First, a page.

A group of private investment funds including Washington's Carlyle Group is in advanced negotiations to buy car rental company Hertz Corp. from Ford Motor Co. for as much as $6 billion, according to sources familiar with the matter.
Carlyle is joining New York corporate buyout firm Clayton, Dubilier & Rice and Merrill Lynch Global Private Equity in the deal. The sources, who spoke on the condition they not be identified because no deal is complete, said the Carlyle-Clayton-Merrill Lynch consortium this week bested a competing offer from another group of private equity investors.
Ford, which owns all of Hertz's stock, registered to spin off the company in a public stock offering in June as part of the car company's efforts to raise cash and pare down its debt. But corporate buyout firms immediately stepped in with offers to buy Hertz outright from Ford. Leveraged buyout firms are attracted to the car rental business because it has robust cash flow and hard assets that can be borrowed against.
The sources said Ford's board has yet to vote on the offer and could still decide on a public offering of Hertz. In addition, a competing group that includes New York buyout firms Blackstone Group and Thomas H. Lee Partners could make a higher offer.
A spokesman for Ford declined to comment.
Each of the three firms in the Carlyle consortium would put up about $1 billion to finance the purchase. Including the assumption of about $10 billion in Hertz's existing debt, the consortium would have to borrow as much as $13 billion to make the deal. The new debt, technically, would be an obligation of Hertz, which is based in New Jersey and is the largest U.S. car rental company, with $6.7 billion in revenue last year. Hertz earned $365.5 million in 2004, more than double its 2003 profit.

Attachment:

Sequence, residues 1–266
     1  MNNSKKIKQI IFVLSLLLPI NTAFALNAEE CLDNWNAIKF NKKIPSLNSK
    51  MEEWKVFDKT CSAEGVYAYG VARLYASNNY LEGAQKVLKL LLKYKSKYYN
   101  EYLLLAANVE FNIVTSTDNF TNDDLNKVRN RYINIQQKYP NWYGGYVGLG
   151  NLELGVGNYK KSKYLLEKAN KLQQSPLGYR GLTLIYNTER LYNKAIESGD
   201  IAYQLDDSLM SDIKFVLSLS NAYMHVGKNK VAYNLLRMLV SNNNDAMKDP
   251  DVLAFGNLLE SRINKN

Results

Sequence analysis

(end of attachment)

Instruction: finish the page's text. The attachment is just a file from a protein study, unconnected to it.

The Carlyle-Clayton-Merrill Lynch offer was reported in yesterday's Wall Street Journal.
A purchase of Hertz would be Carlyle's biggest deal since the firm raised a $7.8 billion fund earlier this year, Carlyle Partners IV. But a deal of that size would likely cause Carlyle to bring in co-investors so that Carlyle IV doesn't put too much of the fund in one investment.
This year is turning out to be one of the most active for leveraged buyouts since the 1980s, when a torrid junk-bond market fueled numerous multibillion-dollar buyouts financed almost entirely with debt. The $25 billion purchase of RJR Nabisco by Kohlberg, Kravis, Roberts in 1988 still ranks as the largest-ever leveraged buyout.
While the use of leverage -- or borrowing as a percentage of the deal's total size -- is lower than it was in the 1980s, pension funds, endowments and wealthy investors have poured money into leveraged buyout funds in recent years. The flow of money has produced several funds of $5 billion or more managed by Carlyle, Blackstone, Warburg Pincus and others. Such funds typically contribute between 5 and 20 percent of their own cash to a deal, borrowing the rest.
Also, buyout funds are teaming together to take on ever larger deals. Last month, a consortium completed an $11.4 billion buyout of Pennsylvania software company SunGard Data Systems Inc., the second-largest buyout after the RJR Nabisco deal. So far this year, according to Bloomberg News, there have been $188 billion worth of disclosed leveraged buyouts, on pace to reach 50 percent more than in 2004.
Separately, Carlyle cleared a major hurdle in its $400 million offer to buy a 24.9 percent stake in China Pacific Life Insurance Co., one of mainland China's largest insurers, when the insurer's parent company approved the deal on Monday. The board approval was reported yesterday in the Wall Street Journal.